What have you read so far? I’ll be keeping a list of books I’m reading, have read, and the scripture I’ve read on the page marked 101 books (current). I’ll be updating it weekly. Feel free to provide your comments and recommendations. I’m looking forward to the journey.

The Christian Zombie Killers Handbook (A Review)

The Christian Zombie Killers Handbook by Jeff Kinley is one of the first books I have had the pleasure of reading as an e-book!  That aside, here is the review:

The format of the book is somewhat intriguing.  Kinley weaves an engaging story around zombies for about half of the book. The other half he unravels the zombie allegory. What the reader is left with is a chapter by chapter alternation between zombie allegory and the frame work for a kind of Biblical worldview.

Overall I really appreciated the book. The story is engaging and Kinley does have a gift for writing.  However, I think this is one good idea that didn’t really reach its fully intended purpose. The non-fiction chapters were too lengthy and engaging to be placed between the fiction chapters. They would have served better as an optional discussion and reading guide at the end of the book. There were also some places where I thought that perhaps Kinley was trying to press the metaphor too hard (all metaphors break down somewhere and a good author will make the break at the right place).

One new master of metaphor that I have come to appreciate in this genre is Matt Mikilatos. You can catch his unique monster story in his new book, Night of the Living Dead Christian.  You can read my brief review here.

I enjoyed reading this book. I give it three stars.

Disclosure of Material Connection: I received this book free from Thomas Nelson as part of the BookSneeze program. I was not required to write a positive review. The opinions I have expressed are my own. Some of the links in the post above are “affiliate links.” This means if you click on the link and purchase the item, I will receive an affiliate commission. Regardless, I only recommend products or services I use personally and believe will add value to my readers. I am disclosing this in accordance with the Federal Trade Commission’s 16 CFR, Part 255: “Guides Concerning the Use of Endorsements and Testimonials in Advertising.”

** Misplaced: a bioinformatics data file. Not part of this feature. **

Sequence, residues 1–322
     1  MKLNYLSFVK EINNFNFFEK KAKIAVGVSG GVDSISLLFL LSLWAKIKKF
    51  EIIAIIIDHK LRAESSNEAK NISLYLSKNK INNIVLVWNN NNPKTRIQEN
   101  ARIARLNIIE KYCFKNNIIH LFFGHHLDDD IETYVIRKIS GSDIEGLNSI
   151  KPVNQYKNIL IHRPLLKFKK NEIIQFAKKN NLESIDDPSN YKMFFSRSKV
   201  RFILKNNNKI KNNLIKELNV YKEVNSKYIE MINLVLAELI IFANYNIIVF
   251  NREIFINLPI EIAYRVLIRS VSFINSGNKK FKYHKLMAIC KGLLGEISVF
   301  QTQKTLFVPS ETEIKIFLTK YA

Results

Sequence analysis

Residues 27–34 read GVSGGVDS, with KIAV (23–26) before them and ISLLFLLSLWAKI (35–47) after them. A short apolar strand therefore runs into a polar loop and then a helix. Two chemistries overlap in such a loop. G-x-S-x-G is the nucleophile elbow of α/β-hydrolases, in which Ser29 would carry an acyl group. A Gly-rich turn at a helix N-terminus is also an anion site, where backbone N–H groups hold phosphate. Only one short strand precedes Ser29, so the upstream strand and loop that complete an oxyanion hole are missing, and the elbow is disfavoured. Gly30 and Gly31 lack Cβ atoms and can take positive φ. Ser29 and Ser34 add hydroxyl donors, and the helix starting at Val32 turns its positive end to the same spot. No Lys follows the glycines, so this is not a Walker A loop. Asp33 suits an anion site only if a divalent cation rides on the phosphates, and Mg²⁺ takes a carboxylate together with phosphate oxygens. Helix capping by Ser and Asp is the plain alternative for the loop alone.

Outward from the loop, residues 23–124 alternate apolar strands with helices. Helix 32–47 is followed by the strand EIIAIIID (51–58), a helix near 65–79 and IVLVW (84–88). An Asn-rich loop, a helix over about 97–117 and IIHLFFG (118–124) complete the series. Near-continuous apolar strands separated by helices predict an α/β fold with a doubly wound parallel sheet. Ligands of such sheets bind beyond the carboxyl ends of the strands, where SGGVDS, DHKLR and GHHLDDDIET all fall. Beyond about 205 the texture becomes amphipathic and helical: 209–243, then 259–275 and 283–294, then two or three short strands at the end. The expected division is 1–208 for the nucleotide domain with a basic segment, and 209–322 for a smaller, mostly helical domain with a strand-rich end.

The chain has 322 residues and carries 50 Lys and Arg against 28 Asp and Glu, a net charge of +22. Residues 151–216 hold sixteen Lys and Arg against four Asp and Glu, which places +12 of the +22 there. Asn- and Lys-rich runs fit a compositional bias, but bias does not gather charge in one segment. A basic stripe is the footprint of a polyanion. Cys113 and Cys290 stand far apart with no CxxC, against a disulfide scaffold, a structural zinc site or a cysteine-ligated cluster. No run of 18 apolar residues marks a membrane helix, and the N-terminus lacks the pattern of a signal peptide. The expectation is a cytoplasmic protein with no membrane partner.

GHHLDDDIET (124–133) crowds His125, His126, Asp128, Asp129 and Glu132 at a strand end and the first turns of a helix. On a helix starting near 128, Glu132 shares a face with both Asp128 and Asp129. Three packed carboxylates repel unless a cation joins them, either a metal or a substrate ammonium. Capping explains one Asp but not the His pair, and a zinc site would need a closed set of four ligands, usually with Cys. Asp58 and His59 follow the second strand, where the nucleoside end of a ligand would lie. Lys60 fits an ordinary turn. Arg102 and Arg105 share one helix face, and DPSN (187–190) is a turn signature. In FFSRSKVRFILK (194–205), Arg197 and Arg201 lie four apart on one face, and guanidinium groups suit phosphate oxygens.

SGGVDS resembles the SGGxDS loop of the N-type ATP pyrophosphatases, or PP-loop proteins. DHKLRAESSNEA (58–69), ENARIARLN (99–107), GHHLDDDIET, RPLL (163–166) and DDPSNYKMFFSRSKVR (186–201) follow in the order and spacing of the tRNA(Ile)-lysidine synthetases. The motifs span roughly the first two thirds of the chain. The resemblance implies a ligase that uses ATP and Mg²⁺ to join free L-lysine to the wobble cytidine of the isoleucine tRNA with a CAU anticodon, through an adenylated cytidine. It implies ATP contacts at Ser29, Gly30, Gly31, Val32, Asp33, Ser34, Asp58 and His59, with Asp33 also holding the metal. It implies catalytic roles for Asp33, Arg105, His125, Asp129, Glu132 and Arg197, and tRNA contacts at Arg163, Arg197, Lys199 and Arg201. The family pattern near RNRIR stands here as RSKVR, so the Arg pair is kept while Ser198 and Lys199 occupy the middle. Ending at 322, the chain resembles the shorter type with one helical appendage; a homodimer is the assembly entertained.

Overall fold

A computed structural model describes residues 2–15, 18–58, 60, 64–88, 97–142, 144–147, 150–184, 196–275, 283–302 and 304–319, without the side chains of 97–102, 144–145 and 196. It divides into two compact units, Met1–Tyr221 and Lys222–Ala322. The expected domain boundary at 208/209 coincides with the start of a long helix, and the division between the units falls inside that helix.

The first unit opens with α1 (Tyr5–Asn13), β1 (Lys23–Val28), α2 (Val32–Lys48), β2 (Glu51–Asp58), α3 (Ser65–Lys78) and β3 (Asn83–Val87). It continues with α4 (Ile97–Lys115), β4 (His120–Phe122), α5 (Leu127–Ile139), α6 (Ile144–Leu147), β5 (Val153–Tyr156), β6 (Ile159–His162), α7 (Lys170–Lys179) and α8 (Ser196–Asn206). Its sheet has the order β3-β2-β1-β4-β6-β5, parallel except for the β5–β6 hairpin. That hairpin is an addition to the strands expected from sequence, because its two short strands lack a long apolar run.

The 100 Book Reading Challenge and How it Has Changed Me

For those of you following along, you know that I took up the challenge to read 100 books this past year.  I made my page number goal and then some but missed my book goal by 18.  Never-the-less I’m confident that I have read more in the past year than I have in any single year prior.

It’s difficult to asses all the changes that attempting such a goal has had on me.  Yet as I reflect on the past year and dream about the future I cannot help but notice that I have changed as a result of becoming a more disciplined reader. I am different than I was a year ago and here is how:

1. I don’t waste as much time (though I still have the ability).  I thought I was busy before and didn’t have enough time to read more, but I found out that by eliminating or reducing a few small pleasures (like late night TV, facebook stalking,  spending time with my wife and children… Ok! I was kidding on that last one.) that I have more time than I thought I did and can spend it in more productive ways like reading.